Palo Alto officials are considering imposing new conditions, including an environmental study and additional "public benefits," on a developer who demolished a historic building at the former Edgewood Plaza shopping center without permission from the city last fall.
Sand Hill Property Company angered residents near the Channing Avenue plaza in September when it demolished a historic building on the plaza in violation of its agreement with the city.
The developer had been involved in years of negotiations with area residents about upgrading and redeveloping the dilapidated center -- a rare example of a Joseph Eichler-developed commercial center. Last fall, after the two sides finally reached an agreement, the City Council approved a zone change that would allow Sand Hill to relocate one of the existing three retail buildings, build 10 homes and a grocery store, and create a 0.2-acre park.
The "planned community" zone also required the developer to preserve two "historically significant" retail structures, one of which would be rehabilitated in place while the other would be disassembled, relocated and rehabilitated. Instead of disassembling that building, however, the applicant surprised the city by demolishing it without receiving a demolition permit or any other approval. After fielding complaints from residents, the city in September issued a "stop order" on the project.
Sand Hill has maintained that it opted to demolish what's known as "Building #1" because it was found to be in too poor condition to be retained. Its historic consultant, Page & Turnbull, submitted a letter to the city this week stating that "much of the material used in its construction was not repairable, was not in good condition, and would need to be replaced with new materials to match the material, configuration, character and finish of the original."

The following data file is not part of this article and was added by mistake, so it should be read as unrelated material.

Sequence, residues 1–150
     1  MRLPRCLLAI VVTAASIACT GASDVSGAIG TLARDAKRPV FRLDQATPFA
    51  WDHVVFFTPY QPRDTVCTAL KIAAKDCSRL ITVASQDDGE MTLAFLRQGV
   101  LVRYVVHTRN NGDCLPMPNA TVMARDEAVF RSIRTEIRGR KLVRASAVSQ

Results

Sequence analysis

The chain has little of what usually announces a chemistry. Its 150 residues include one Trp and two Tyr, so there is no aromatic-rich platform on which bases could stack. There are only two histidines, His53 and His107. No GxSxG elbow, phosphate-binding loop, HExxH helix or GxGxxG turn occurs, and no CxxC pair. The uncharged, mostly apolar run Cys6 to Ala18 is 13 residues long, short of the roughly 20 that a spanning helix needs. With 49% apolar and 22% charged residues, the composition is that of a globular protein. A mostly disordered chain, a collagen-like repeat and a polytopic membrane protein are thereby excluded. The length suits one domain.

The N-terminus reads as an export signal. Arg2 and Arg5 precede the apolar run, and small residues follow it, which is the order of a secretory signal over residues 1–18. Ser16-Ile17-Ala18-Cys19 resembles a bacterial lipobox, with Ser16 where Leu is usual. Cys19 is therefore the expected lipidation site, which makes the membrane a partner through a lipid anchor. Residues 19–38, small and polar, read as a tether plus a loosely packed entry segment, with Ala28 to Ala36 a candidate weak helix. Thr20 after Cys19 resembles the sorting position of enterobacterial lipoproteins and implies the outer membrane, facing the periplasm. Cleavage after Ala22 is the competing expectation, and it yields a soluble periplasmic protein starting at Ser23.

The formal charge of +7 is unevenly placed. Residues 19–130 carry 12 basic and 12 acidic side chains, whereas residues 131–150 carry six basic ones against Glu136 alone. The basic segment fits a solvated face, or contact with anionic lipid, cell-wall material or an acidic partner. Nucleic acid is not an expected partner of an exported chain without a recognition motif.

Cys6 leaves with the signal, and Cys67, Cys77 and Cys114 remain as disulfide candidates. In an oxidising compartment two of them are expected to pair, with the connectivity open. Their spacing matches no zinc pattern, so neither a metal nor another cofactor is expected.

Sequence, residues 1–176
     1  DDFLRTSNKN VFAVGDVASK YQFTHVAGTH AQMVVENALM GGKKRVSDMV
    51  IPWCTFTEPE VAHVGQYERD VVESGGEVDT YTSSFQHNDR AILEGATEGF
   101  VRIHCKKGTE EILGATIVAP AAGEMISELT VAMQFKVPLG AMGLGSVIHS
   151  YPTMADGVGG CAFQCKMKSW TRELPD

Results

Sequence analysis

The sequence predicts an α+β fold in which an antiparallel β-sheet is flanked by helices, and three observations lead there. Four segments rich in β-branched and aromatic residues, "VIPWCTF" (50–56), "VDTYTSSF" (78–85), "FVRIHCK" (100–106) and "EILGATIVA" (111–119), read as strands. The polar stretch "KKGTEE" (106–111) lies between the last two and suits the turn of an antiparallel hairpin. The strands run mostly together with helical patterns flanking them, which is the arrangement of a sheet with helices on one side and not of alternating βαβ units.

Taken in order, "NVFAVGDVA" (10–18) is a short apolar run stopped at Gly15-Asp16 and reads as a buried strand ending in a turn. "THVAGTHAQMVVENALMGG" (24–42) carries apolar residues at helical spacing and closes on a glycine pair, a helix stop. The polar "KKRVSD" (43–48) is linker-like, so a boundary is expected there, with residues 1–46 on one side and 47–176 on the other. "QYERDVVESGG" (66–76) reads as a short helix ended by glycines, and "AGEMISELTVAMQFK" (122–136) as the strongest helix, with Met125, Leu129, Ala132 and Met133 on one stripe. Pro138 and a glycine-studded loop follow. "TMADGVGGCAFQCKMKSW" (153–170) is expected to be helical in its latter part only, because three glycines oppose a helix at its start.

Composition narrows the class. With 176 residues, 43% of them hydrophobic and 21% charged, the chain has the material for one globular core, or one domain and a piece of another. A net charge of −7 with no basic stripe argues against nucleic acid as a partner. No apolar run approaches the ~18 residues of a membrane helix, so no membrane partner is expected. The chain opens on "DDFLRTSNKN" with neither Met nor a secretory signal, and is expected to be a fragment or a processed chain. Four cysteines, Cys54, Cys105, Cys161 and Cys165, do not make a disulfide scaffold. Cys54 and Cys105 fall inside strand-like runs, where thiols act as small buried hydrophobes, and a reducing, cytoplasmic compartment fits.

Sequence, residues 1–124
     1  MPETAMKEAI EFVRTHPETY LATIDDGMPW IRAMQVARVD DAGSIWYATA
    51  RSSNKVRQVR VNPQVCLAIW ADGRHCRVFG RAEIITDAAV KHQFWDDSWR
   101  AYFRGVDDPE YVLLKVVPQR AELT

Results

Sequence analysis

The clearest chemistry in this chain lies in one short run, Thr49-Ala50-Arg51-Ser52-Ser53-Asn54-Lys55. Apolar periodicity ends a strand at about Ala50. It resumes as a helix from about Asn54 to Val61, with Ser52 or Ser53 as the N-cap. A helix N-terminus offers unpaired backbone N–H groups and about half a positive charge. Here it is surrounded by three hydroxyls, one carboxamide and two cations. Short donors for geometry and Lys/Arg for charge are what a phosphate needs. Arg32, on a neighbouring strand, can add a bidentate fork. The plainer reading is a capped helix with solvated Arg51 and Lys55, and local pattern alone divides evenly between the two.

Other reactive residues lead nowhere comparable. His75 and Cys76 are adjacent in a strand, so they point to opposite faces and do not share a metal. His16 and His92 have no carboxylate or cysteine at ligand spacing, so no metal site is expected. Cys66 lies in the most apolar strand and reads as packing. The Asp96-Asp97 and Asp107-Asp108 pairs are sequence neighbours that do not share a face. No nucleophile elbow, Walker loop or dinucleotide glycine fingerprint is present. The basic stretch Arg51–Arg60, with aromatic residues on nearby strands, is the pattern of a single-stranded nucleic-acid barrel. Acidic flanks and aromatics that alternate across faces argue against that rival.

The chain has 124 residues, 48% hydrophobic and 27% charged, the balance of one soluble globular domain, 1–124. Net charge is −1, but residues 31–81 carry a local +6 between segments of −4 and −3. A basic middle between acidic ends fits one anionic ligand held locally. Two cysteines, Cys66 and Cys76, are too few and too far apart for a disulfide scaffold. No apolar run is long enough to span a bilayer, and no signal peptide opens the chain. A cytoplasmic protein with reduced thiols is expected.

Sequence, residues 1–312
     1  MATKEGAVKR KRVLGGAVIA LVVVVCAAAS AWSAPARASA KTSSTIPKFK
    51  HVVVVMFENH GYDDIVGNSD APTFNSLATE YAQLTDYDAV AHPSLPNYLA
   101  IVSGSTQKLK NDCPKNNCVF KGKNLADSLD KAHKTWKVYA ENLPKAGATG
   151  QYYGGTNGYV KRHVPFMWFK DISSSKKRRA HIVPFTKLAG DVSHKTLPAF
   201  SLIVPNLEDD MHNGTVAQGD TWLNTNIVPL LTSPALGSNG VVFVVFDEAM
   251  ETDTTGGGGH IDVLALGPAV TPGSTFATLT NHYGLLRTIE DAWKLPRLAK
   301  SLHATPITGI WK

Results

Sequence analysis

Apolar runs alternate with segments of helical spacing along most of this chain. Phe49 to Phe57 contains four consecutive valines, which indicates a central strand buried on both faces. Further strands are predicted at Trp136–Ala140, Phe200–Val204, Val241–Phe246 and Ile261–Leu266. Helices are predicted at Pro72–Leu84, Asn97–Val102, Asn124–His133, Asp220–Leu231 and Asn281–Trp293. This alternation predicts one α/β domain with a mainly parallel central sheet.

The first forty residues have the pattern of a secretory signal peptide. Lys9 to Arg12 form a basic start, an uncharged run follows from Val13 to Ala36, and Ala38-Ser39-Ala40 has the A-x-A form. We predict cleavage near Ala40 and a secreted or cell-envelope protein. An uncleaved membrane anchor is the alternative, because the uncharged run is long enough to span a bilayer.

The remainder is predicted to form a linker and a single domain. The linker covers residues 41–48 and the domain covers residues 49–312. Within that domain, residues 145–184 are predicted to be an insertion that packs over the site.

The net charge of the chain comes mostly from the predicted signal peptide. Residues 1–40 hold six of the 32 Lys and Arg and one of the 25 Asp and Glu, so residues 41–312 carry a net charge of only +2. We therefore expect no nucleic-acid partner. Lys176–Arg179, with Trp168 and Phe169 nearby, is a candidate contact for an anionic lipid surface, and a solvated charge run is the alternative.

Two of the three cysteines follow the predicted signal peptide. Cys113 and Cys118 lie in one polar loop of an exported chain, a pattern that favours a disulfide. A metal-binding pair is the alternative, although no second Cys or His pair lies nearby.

The company also found that three walls of the separate grocery building, which is no longer considered "historic" by the city, were also "in too poor condition and had to be replaced with compatible new materials."
Staff noted in the new report that "the applicant failed to follow the approved review process and disposed of the building material without notifying the City or obtaining City approval."
On Monday, the council will consider what to do about that.
In the new report, staff planners recommend that the developer be required to perform an additional environmental-impact report, reflecting the new scope of the project. Another recommendation is to put on hold what is for the developer the most financially lucrative portion of the development -- the construction of 10 homes.
The new report also recommends that the city allow Sand Hill to proceed with the construction of the grocery store and the rehabilitation of the building it didn't demolish.
Sand Hill, for its part, has agreed to completely rebuild the building it took down, though this would be done with new materials rather than ones retained from the prior building.